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Library reports uptick in circulation numbers; new plans

5 mins read

FARMINGTON – The local public library is reporting brisk business as residents turn toward cheaper forms of entertainment in the economic downturn.

Head Librarian Melanie Taylor Coombs said that the Farmington Public Library’s experience is similar to what she has been hearing throughout the state and country. In 2008, the library’s circulation numbers were up 7,000 from the previous year’s. That’s 7,000 more books being checked out. Coombs said that 2009 is already off to a strong start.

“Our numbers are through the roof,” Coombs said. “Most librarians I’ve talked to are reporting this is going on everywhere.”


Head Librarian Melanie Taylor Coombs holds a document exhibiting the Farmington founding fathers’ support for a public library. This artifact, along with many others, will be scanned into a digital database by a local task force consisting of personnel from several organizations.

Coombs hopes to focus the library on providing more free services for patrons as the economic climate worsens. From repairing the roof to a new audiobook system to more computer time, Farmington Public Library is continuing to expand its role in the community.

Feb. 23 is the current date for the state to role out a new audiobook system for the patrons of participating libraries. This system is accessible through a console program on residents’ home computers, or through the machines at the library, and allows them to download more than 1,000 popular audiobooks.

These can then be listened to on the computer, or on a Mp3 player, ipod or transcribed to a CD. The titles self delete themselves after two weeks. Unlike the current system the library uses, which is to basically rent out CDs which can be damaged or lost. Overdrive doesn’t require the library to purchase individual titles.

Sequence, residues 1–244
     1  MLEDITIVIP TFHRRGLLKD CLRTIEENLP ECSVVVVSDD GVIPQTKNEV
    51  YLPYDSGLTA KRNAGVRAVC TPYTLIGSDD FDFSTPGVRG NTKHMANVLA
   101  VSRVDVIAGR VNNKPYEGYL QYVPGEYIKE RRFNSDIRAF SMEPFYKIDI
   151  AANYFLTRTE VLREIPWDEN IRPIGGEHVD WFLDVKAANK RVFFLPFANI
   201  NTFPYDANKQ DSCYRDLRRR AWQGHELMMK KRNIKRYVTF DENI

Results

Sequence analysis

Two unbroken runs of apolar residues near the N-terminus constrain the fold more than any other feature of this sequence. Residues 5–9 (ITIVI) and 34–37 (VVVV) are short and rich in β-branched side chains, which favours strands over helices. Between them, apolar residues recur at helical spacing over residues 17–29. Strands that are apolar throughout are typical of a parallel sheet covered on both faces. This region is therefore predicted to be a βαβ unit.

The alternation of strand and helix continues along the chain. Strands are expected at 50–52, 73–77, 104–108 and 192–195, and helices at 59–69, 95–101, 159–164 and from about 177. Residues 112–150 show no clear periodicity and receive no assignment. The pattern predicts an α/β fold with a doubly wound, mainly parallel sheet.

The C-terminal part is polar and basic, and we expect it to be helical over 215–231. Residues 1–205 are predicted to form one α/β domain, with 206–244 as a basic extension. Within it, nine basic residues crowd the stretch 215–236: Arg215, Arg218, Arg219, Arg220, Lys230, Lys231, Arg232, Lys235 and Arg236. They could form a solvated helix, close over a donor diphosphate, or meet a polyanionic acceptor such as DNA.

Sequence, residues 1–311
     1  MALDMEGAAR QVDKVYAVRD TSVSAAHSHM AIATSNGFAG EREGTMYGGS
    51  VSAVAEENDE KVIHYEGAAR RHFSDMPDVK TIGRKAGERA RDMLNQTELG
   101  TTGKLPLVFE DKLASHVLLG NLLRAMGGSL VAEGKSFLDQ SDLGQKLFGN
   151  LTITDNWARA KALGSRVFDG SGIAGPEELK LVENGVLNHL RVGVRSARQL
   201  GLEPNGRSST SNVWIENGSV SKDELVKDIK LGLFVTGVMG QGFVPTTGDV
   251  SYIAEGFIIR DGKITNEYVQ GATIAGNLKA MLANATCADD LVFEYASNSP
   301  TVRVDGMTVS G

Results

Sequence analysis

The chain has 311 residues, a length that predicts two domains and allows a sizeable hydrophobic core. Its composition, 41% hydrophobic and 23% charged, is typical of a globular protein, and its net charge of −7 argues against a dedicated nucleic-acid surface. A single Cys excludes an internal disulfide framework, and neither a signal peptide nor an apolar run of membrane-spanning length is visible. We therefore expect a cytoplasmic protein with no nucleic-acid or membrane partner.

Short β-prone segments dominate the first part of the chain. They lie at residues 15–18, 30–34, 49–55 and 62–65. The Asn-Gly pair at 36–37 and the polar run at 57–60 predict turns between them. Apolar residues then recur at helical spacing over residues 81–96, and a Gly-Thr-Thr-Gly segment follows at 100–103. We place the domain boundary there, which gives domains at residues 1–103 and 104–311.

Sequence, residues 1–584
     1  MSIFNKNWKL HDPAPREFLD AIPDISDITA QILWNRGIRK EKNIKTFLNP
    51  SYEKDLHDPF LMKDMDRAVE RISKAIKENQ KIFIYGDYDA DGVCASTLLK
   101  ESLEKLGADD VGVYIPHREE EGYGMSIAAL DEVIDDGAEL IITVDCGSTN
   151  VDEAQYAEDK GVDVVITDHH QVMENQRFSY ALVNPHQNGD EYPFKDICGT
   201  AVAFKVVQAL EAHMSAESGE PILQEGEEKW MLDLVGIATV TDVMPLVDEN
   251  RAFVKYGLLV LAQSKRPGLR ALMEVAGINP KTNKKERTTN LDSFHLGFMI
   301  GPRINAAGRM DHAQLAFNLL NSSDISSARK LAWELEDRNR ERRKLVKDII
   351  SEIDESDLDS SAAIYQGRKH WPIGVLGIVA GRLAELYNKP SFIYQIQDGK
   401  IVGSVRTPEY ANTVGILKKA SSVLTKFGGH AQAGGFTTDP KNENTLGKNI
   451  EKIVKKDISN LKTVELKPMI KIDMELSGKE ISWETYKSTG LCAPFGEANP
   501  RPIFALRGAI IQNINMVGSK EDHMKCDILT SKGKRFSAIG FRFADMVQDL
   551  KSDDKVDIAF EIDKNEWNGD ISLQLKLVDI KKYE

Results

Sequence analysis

The system, called Overdrive, will be available for use at Farmington Public Library for free. Coombs noted that the fee for the library was in the $250 to $500 range, which is roughly what someone would pay to use such a service on their own.

“It’s great to see Maine jumping on board,” Coombs said. “This will replace CDs eventually, it’s just the way it’s going.”

The library also will soon be installing seven new public access computers, which are beginning to draw long lines of people during peak hours. While the four current machines are good for browsing the web, Coombs said the library’s board of directors were eager to get some new computers capable of running programs at more optimal speeds.

Those new computers were purchased with a Gates Foundation grant.

The Farmington Public Library is continuing to raise money to complete roof renovations. Coombs did report that a $50,000 grant from a foundation that wished to remain anonymous had come in last year, bringing the total grant money raised up to $71,000. Coombs said she expected that the fundraising efforts would need to continue for some time in the current economy before the work could be completed.

Progress with the online museum project is ongoing, as the library, Farmington Historical Society, educators in MSAD 9 and the University of Maine at Farmington work to digitally scan historic documents into a database. That project was made possible thanks to a $10,000 grant from the Maine Historical Society.

Coombs had a document at the library she used as an example of the history that the project aims to preserve. It consisted of a statement, signed by the founding fathers of Farmington, from 1799 which announced their support of the formation of a library association.

“Social libraries have ever been considered of the highest utility to those who have [accepted] them,” the document reads. “If we take but a cursory view of those towns who have established libraries, we need no further proof to convince us of its utility.”


A closer look at the statement of support, dated 1799.

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